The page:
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On the champions of human rights: Jacques Maritain

Summary

Samuel Moyn recounts the unlikely trajectory of one of the key figures behind the Universal Declaration of Human Rights.

Summary

Samuel Moyn recounts the unlikely trajectory of one of the key figures behind the Universal Declaration of Human Rights.

Transcript

So Jacques Maritain was one of the great Roman Catholic thinkers and publicists of the 20th century. He wasn’t directly involved in the makings of the Universal Declaration of Human Rights, but he did talk a lot about the principles. Starting in 1942 when his argument on behalf of human rights was actually dropped in leaflet form into occupied France – his country from which he was in exile – through the years after World War II. He was probably the intellectual of any kind, secular or religious, who said most and said the most positive things about human rights in this era of history.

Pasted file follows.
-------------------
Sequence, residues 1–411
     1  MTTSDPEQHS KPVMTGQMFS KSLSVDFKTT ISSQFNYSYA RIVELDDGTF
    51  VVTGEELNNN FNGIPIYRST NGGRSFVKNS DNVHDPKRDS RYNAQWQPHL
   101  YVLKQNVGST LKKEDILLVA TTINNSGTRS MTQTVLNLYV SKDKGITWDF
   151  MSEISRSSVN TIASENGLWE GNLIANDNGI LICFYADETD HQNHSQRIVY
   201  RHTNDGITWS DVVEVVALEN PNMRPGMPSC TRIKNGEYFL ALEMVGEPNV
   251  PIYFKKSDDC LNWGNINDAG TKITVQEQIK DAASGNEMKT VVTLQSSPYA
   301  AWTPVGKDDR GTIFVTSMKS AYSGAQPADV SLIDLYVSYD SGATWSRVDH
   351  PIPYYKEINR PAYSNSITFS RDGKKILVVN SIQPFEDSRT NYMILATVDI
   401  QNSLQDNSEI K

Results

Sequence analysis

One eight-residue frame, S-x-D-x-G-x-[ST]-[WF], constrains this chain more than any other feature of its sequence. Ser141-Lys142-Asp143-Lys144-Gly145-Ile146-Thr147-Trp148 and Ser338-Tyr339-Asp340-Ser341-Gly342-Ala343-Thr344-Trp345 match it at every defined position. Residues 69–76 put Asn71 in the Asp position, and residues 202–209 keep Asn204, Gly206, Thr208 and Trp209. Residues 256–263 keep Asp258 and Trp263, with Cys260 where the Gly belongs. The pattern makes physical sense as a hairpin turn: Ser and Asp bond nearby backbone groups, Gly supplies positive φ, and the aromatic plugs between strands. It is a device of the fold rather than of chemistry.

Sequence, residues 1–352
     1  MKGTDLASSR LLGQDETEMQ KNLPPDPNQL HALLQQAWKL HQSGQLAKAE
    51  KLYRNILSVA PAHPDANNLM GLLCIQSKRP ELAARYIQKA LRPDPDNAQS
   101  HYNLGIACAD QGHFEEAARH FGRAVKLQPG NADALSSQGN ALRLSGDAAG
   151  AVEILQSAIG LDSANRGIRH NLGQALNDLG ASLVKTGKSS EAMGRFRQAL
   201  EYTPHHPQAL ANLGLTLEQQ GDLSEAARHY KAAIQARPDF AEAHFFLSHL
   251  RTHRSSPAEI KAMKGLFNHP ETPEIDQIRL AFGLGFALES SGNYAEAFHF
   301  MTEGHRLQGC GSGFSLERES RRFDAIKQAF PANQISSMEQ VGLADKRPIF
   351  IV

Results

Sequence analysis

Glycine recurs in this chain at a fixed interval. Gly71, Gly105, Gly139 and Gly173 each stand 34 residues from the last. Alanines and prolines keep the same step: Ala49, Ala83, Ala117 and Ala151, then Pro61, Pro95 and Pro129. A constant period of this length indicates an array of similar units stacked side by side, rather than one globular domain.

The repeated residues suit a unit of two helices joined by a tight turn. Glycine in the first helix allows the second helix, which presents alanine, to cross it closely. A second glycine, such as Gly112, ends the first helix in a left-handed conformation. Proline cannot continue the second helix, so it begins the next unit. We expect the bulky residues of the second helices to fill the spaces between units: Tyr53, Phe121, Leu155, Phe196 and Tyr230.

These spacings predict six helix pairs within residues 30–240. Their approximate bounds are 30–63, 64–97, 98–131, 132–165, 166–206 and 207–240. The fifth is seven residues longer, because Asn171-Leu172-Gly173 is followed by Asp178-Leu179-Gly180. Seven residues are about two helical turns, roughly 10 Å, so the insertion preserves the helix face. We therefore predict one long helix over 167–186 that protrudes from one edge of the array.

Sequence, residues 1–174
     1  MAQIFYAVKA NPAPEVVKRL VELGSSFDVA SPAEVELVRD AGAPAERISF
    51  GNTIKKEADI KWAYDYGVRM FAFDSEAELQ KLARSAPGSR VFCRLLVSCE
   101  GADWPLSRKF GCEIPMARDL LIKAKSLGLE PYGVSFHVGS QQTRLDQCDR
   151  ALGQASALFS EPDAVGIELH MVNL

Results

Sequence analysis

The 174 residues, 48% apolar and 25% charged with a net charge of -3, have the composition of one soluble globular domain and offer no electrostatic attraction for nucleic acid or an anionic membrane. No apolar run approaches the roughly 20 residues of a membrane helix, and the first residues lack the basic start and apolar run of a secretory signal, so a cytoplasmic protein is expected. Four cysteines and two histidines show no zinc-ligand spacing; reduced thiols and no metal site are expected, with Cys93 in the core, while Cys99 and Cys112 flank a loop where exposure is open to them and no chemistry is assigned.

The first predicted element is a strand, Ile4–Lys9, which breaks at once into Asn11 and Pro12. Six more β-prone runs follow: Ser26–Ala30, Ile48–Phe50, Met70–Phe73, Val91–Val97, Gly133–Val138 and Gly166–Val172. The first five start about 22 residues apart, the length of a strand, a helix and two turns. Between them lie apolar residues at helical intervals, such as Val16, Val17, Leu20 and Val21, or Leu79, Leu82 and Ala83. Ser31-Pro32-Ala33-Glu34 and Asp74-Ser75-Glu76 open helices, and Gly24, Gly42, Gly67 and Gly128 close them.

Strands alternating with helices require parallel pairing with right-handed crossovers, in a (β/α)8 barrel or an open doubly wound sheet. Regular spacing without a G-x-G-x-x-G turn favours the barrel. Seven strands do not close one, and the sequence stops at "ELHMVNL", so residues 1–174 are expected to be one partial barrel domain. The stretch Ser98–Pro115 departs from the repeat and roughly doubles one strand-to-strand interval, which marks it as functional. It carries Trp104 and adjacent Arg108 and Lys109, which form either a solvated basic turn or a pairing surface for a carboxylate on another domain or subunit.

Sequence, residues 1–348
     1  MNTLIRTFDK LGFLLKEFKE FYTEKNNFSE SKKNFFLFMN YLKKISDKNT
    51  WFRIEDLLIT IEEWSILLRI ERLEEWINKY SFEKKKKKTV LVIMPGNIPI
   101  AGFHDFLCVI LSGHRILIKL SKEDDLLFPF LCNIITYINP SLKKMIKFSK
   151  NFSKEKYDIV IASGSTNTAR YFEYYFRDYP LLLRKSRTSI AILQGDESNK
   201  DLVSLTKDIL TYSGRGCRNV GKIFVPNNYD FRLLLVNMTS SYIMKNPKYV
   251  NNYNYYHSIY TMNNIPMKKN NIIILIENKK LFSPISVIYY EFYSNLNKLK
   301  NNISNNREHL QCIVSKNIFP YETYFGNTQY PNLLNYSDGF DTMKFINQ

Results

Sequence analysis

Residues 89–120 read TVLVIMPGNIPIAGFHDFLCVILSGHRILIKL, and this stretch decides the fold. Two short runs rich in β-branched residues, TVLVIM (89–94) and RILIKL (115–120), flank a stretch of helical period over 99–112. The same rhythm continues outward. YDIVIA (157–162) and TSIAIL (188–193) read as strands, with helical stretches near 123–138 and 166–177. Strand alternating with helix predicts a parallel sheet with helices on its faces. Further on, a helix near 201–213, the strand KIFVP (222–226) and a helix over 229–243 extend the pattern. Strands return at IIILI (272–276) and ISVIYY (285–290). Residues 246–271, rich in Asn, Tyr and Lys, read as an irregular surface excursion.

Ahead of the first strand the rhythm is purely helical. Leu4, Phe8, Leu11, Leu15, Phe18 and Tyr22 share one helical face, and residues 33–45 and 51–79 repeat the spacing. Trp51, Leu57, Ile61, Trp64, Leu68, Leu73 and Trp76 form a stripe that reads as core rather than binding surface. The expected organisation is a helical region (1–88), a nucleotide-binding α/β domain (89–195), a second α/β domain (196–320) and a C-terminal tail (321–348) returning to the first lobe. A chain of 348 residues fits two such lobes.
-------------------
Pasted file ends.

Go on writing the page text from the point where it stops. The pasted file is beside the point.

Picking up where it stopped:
Now his trajectory is very interesting. He had been a Protestant by birth and a secular republican in France – that was the heritage of his parents, politically. But like a number of others in the early part of the 20th century, he converted to Roman Catholicism. So did his wife, a Russian Jew. And they both became political reactionaries – and quite amazingly we find early in his thought, in the 1920s, not just an embrace of an openly reactionary political movement called the Action Française, but also anti-Semitic statements.

And then he learned – because this group that he had joined was condemned by the pope, actually, and he had a choice: would he be a political reactionary, or would he loyally follow the Roman Catholic church’s ban? And he decided on the latter course. And this forced him to think about what the relationship was between Christianity and politics in a new way. He still thought Christianity should inform a quite conservative vision of our social relations, but he also thought that faith meant that you could never fully submit to any secular state. And in particular, individuals might need to be protected against that state. And so when he was forced to flee France – or stay in the United States, where he was, because his wife was racially a Jew, according to the Nazi conception of the period – he agitated for human rights almost before anyone else. And he became quite important as a philosopher making the case for why these principles matter even to Christians.